Patterns of post-drought recovery are strongly influenced by drought duration, frequency, post-drought wetness, and bioclimatic setting

Tong Jiao, Christopher A. Williams, Martin G. De Kauwe, Christopher R. Schwalm, Belinda E. Medlyn

Research output: Contribution to journalArticlepeer-review

Abstract

Understanding vegetation recovery after drought is critical for projecting vegetation dynamics in future climates. From 1997 to 2009, Australia experienced a long-lasting drought known as the Millennium Drought (MD), which led to widespread reductions in vegetation productivity. However, vegetation recovery post-drought and its determinants remain unclear. This study leverages remote sensing products from different sources—fraction of absorbed photosynthetically active radiation (FPAR), based on optical data, and canopy density, derived from microwave data—and random forest algorithms to assess drought recovery over Australian natural vegetation during a 20-year period centered on the MD. Post-drought recovery was prevalent across the continent, with 6 out of 10 drought events seeing full recovery within about 6 months. Canopy density was slower to recover than leaf area seen in FPAR. The probability of full recovery was most strongly controlled by drought return interval, post-drought hydrological condition, and drought length. Full recovery was seldom observed when drought events occurred at intervals of 3 months or less, and moderately dry (standardized water balance anomaly [SWBA] within [−1, −0.76]) post-drought conditions resulted in less complete recovery than wet (SWBA > 0.3) post-drought conditions. Press droughts, which are long term but not extreme, delayed recovery more than pulse droughts (short term but extreme) and led to a higher frequency of persistent decline. Following press droughts, the frequency of persistent decline differed little among biome types but peaked in semi-arid regions across aridity levels. Forests and savanna required the longest recovery times for press drought, while grasslands were the slowest to recover for pulse drought. This study provides quantitative thresholds that could be used to improve the modeling of ecosystem dynamics post-drought.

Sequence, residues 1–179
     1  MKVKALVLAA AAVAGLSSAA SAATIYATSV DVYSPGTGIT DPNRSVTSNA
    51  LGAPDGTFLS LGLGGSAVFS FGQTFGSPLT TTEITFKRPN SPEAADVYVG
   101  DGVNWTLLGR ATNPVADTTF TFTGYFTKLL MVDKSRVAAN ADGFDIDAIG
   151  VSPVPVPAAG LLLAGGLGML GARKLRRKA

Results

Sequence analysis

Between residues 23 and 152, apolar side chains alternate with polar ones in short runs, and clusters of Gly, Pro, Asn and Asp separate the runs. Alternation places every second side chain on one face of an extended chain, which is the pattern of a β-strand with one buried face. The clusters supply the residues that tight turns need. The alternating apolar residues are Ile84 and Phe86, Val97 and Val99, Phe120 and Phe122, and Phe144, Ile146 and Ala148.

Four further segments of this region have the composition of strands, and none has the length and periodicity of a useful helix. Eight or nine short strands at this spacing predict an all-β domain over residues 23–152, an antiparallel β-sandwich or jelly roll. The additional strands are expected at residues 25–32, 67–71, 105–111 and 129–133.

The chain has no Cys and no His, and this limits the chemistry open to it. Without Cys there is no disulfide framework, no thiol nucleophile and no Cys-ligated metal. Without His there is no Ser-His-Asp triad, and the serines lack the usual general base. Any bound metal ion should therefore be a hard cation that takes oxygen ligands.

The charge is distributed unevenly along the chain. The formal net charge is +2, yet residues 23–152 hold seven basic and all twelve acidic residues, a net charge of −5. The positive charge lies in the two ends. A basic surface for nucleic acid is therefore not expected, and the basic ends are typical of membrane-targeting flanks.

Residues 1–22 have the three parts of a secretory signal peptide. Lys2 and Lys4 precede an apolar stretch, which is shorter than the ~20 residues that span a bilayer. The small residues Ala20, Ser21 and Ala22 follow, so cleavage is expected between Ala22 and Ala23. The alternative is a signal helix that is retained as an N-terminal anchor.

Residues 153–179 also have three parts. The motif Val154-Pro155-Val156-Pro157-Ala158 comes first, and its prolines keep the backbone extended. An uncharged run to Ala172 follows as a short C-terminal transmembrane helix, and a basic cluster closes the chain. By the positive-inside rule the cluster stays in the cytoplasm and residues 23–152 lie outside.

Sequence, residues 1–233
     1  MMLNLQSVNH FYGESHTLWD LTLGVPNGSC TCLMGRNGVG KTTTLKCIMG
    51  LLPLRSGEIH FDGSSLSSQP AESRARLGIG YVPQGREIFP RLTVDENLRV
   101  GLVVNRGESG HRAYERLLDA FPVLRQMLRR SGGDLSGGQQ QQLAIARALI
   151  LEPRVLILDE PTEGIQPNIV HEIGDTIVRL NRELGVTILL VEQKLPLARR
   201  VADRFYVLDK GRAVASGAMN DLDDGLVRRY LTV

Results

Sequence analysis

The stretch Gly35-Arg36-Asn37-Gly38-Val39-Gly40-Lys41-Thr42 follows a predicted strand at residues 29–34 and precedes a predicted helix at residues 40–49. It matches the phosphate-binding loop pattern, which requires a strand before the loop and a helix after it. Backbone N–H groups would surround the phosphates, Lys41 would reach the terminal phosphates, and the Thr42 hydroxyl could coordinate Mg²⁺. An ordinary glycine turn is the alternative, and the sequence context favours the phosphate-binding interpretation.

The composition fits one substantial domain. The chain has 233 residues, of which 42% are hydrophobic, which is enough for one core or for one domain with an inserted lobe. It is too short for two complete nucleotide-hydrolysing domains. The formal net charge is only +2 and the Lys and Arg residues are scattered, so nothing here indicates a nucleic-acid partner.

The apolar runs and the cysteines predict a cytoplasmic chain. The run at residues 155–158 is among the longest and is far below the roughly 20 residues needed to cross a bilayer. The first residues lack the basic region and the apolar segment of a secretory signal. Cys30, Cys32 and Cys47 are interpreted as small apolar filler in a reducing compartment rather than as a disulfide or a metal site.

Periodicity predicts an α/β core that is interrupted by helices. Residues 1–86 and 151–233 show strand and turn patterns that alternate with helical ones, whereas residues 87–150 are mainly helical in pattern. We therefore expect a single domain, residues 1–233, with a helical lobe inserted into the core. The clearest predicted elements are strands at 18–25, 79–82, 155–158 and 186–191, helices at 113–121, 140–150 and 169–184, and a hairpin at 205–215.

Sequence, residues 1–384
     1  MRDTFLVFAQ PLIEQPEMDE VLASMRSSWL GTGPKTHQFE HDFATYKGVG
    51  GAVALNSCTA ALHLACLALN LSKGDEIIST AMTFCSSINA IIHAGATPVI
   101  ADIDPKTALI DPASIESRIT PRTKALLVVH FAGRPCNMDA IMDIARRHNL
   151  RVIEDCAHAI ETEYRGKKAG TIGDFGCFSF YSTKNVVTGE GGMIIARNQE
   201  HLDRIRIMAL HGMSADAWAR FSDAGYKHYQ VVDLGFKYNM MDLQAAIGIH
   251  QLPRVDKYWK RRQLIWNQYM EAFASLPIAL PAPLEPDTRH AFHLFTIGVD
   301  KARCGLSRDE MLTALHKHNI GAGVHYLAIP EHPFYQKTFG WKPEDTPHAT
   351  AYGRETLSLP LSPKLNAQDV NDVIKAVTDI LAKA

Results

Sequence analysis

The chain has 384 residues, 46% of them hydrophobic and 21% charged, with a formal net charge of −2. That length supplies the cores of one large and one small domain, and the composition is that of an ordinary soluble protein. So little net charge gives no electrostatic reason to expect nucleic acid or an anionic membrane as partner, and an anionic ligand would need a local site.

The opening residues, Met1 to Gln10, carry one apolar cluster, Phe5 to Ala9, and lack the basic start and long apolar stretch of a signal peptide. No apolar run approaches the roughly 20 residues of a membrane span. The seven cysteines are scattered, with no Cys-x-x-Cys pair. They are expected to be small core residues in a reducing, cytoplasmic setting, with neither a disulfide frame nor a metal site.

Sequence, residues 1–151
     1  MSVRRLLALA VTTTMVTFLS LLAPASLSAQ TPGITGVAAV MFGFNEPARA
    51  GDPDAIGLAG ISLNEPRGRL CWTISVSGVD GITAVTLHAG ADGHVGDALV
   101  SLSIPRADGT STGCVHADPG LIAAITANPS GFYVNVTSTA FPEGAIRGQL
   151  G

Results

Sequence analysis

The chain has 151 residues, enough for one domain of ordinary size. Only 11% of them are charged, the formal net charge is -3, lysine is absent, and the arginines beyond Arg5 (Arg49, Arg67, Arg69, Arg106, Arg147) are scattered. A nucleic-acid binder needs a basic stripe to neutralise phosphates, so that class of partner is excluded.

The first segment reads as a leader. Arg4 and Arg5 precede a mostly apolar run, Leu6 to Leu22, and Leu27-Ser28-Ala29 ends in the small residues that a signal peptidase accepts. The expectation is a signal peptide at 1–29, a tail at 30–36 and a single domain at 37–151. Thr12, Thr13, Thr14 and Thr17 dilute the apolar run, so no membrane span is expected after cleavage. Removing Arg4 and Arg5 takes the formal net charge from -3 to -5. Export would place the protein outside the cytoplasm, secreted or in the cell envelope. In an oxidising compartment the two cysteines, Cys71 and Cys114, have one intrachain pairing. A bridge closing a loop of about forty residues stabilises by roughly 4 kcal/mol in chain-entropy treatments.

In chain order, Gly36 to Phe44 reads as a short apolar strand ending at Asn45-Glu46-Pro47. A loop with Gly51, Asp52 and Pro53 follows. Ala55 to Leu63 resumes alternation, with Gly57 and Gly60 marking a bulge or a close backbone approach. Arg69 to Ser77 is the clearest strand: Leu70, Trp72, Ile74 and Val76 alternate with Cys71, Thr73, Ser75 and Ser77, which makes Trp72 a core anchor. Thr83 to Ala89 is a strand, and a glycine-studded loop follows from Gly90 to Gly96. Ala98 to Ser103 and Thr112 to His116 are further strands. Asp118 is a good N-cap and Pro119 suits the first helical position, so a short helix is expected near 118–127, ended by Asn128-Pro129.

Original languageEnglish (US)
Pages (from-to)4630-4643
Number of pages14
JournalGlobal change biology
Volume27
Issue number19
DOIs
StatePublished - Oct 2021
Externally publishedYes

Keywords

  • Australian natural vegetation
  • Millennium Drought
  • post-drought recovery
  • pulse droughts and press droughts
  • random forest classification
  • vegetation optical depth

ASJC Scopus subject areas

  • Global and Planetary Change
  • Environmental Chemistry
  • Ecology
  • Environmental Science(all)

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